It's absolutely true that this is a terrible, appalling song. The lyrics (that she didn't write) are laughable, the audio production (that she didn't work on) is atrocious, and the video (that she didn't shoot) is incredibly weird. And the whole thing taken together, which is genuinely and painfully funny for all these reasons, made great fodder for The Daily What, and then the blog at Tosh.0, the Comedy Central show that's in charge of skewering the Internet.

Interestingly, the Tosh.0 post was called "Songwriting Isn't For Everyone," and it focused on how bad the song was. Right move! But then it went on from there, and since picking on songwriters isn't very much fun and picking on pretty, privileged young women is internet catnip, pretty soon, Rebecca — despite pretty emphatically not being the real problem with this video — became the person associated with it.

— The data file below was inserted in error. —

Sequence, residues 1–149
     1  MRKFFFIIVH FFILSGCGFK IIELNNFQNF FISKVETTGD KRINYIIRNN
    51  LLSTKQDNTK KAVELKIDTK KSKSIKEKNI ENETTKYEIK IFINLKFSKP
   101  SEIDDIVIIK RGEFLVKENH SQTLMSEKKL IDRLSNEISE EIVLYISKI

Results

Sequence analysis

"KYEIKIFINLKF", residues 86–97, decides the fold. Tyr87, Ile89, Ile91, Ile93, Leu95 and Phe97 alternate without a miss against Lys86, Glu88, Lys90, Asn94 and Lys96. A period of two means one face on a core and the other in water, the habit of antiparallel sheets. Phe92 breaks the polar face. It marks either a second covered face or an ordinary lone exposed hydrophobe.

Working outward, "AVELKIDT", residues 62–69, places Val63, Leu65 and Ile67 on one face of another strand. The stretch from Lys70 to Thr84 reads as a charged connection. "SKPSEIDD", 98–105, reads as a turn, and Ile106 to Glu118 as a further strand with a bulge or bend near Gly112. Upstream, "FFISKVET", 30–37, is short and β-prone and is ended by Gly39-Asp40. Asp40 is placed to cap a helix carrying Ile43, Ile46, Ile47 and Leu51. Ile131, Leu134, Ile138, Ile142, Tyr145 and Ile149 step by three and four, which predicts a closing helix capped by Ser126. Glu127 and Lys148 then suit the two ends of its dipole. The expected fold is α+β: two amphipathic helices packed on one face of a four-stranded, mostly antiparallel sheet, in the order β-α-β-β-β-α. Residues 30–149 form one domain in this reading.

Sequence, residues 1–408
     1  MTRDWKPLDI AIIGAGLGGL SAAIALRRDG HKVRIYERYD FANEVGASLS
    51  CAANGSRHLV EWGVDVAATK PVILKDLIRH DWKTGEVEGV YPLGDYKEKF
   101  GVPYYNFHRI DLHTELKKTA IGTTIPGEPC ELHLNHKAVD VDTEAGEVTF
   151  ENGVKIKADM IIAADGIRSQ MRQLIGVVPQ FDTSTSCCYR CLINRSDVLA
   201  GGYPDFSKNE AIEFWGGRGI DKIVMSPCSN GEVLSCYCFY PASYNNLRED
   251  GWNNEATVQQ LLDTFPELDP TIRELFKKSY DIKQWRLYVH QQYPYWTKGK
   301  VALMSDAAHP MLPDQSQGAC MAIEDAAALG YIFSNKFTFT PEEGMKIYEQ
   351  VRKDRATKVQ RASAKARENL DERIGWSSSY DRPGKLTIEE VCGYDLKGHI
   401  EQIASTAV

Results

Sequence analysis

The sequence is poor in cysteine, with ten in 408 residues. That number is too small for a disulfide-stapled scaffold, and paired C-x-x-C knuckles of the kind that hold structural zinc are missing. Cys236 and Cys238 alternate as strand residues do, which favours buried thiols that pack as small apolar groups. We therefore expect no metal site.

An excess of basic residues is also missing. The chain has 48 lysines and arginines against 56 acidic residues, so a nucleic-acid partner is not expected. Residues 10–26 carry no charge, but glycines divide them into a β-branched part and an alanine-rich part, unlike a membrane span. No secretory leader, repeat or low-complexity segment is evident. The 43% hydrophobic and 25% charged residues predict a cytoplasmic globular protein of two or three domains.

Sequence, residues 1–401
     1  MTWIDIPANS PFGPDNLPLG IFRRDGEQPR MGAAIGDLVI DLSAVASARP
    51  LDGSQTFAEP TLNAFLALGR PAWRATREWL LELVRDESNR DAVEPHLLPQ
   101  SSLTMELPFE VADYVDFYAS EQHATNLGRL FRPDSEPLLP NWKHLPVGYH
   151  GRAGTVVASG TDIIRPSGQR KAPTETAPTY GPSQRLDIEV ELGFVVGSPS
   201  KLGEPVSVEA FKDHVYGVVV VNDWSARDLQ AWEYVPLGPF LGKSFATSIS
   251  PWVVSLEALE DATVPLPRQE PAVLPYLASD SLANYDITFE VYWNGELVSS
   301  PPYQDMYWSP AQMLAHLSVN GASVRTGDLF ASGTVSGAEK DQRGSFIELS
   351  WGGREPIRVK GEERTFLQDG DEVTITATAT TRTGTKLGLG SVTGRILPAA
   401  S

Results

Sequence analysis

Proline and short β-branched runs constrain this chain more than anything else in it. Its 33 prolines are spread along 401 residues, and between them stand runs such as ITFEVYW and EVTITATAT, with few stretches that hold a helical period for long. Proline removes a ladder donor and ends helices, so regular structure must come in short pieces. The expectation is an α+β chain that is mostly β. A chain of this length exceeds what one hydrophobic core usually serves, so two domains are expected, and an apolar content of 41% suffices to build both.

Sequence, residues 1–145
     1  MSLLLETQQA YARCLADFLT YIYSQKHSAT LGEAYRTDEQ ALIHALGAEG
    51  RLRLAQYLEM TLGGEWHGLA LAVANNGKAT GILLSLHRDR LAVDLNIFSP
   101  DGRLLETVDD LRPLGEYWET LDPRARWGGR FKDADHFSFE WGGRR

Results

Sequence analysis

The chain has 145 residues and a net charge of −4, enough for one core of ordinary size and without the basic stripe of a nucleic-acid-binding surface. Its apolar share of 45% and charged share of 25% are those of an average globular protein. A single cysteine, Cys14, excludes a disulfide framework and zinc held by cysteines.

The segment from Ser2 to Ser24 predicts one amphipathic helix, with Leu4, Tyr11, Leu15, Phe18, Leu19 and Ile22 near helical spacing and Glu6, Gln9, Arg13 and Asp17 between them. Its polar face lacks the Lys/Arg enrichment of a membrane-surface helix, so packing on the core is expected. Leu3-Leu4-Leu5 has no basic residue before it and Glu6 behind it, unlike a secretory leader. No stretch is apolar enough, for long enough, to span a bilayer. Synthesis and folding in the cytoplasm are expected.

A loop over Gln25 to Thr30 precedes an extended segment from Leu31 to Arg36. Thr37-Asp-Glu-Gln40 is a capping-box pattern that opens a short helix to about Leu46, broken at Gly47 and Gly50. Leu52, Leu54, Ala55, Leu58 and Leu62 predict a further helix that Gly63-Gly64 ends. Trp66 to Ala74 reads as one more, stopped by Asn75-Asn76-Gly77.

And, inevitably, instead of being about the song, a lot of the criticism was about her. Black said on Good Morning America that the worst comment she read once the Internet found this video on YouTube was this: "I hope you cut yourself, and I hope you get an eating disorder so you'll look pretty. And I hope you go cut and die." Cut and die. I have absolutely no problem believing that happened. It took about 30 seconds to find this comment on the Tosh.0 blog entry: "She has that awful Stepford Wives look on her face the whole time." And this one: "Can't sing bitch." And this one: "Rebecca Black is a whore." And those are at a Comedy Central blog. You don't even want to know what YouTube comments are like.

Quick reminders: Thirteen years old. "Whore." "Bitch." "Cut and die."

And so it was that she began to appear on Slate and Gawker (multiple times) and Yahoo! and Time and just about everywhere else, and her official video has now been viewed — say it with me — almost 16 million times.